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Written by a master writer and evaluator, this text explores the many conceptual choices an evaluator needs to make--from attention to stakeholders, to weighing ethical risks, to writing a useful report--when doing an evaluation. The book begins with the main strategic choices an evaluator needs to make between approaches: quantitatively,by explicating criteria, needs, standards, and performances, or, qualitatively, by studying the activity, aspirations, problems, and accomplishments of the participants and critical observers. Throughout the book, the author presents evaluation as a series of choices for the reader. He leads audiences to consider whether they would prefer to remain independent as evaluators or to join with a staff and/or stakeholders connected to the program; to aid in development formatively or to assess the whole program summatively; to invest minimally or largely in trying out and validating data gathering procedures; and how much to support professional associations, their standards, and ethics. After reading the book, students will have a better appreciation of evaluation as a process that needs to be custom-fit to the situation.
Professor Stake received his B.A. in Mathematics with a minor in naval science and Spanish from the University of Nebraska in 1950. He graduated with an M.A. in educational psychology in 1954 from this university. In 1958, he received his Ph.D. in psychology from Princeton University. From 1955 to 1958, he was a Psychometric Fellow at the Educational Testing Service. Then, an Associate Professor and Faculty Research Coordinator of the College of Education at the University of Nebraska at Lincoln. In 1963, he arrived at the University of Illinois at Urbana-Champaign where he assisted Thomas Hastings, Lee Cronbach, and Jack Easley in the creation of the new evaluation center, CIRCE, and in developing a program of research on program evaluation. He also became the Associate Director of the Statewide High School Testing Program. In 1975, he became director of CIRCE. He has been active in the program evaluation profession and has promoted an approach to evaluation methods called "responsive evaluation." He took up a qualitative perspective, particularly case study methods, in order to represent the personal experience and complexity of evaluation study. He received the Lazerfeld Award from the American Evaluation Association and an honorary doctorate from the University of Uppsala.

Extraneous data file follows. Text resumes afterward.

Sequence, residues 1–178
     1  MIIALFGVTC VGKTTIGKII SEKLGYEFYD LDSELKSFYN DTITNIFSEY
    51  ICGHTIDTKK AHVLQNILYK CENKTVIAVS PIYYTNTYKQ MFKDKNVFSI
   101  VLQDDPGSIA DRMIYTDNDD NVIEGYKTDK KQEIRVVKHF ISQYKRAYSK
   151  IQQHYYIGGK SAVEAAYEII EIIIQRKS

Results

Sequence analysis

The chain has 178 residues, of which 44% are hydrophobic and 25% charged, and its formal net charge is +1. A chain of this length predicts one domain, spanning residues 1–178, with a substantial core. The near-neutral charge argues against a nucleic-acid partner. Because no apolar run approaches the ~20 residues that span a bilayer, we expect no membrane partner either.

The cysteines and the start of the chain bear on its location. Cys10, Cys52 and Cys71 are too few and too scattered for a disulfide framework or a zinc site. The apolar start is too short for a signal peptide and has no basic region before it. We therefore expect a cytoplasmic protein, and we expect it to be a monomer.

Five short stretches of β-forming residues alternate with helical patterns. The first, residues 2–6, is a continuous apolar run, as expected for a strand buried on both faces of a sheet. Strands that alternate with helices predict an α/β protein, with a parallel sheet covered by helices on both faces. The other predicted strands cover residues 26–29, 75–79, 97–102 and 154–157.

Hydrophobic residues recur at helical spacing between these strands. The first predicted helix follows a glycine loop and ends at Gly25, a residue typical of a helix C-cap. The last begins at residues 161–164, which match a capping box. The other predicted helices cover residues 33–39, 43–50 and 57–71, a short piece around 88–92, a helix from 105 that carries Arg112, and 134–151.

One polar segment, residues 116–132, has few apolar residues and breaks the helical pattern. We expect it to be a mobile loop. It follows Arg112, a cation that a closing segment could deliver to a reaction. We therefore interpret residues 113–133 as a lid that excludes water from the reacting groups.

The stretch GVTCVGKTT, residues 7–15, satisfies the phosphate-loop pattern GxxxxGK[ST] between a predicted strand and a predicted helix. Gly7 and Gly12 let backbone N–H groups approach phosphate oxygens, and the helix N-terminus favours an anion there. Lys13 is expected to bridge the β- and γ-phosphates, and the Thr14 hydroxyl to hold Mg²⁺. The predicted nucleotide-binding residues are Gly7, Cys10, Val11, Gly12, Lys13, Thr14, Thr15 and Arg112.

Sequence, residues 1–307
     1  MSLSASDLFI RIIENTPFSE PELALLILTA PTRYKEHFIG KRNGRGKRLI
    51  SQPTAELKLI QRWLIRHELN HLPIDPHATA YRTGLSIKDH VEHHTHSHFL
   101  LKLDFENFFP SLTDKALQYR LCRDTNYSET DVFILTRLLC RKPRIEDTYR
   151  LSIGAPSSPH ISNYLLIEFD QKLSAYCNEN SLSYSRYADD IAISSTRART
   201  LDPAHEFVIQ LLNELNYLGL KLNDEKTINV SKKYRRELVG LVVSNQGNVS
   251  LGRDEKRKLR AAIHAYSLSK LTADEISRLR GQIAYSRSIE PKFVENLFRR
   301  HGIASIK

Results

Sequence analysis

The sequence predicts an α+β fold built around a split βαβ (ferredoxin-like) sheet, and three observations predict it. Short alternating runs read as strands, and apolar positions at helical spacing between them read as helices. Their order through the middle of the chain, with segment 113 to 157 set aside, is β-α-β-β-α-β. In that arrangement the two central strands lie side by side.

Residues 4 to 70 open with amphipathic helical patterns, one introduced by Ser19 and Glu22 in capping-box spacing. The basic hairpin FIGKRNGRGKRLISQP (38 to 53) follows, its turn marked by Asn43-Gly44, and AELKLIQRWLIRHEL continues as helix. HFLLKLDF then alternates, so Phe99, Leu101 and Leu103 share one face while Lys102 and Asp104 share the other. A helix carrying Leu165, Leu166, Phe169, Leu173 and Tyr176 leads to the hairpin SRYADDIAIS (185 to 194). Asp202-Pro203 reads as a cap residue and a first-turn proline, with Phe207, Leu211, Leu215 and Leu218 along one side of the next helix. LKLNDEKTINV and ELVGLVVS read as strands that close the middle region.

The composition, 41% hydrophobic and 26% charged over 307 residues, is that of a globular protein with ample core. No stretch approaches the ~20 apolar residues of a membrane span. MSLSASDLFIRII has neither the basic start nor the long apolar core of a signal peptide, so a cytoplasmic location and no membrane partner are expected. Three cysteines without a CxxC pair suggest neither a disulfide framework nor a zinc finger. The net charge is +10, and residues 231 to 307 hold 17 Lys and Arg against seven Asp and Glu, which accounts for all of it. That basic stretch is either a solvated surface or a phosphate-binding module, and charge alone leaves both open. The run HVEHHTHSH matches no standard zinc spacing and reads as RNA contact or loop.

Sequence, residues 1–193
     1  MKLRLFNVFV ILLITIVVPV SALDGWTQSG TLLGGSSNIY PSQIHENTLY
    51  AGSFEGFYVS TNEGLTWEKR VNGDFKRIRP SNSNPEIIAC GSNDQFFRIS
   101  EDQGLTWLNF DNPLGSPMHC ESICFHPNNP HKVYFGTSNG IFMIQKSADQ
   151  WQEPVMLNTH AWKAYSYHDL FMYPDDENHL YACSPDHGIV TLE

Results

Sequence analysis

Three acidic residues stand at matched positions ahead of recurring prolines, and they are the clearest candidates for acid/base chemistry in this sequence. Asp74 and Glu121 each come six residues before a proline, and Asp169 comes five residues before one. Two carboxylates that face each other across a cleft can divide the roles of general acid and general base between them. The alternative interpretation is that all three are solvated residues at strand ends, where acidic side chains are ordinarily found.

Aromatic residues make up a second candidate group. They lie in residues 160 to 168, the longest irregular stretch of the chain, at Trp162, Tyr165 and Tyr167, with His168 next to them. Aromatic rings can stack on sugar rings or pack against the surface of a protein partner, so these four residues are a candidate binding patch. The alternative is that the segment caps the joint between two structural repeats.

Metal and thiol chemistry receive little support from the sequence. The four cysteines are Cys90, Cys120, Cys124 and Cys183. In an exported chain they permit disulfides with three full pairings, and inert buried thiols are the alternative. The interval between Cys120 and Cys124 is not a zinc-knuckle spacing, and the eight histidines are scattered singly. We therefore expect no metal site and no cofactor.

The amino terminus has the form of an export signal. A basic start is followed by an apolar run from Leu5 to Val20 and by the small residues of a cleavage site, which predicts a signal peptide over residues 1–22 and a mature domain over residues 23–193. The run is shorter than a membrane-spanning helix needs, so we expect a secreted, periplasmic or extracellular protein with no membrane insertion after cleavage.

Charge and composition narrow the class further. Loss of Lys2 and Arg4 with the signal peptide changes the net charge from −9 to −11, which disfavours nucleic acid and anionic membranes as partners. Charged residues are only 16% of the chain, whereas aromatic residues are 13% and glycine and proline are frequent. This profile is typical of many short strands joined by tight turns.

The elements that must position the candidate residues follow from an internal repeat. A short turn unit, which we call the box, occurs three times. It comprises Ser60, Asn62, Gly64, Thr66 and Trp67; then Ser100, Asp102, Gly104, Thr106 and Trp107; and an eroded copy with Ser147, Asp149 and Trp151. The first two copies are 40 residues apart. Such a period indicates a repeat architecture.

Release date NZ
December 11th, 2003
Edited by Robert E. Stake
Country of Publication
SAGE Publications Inc
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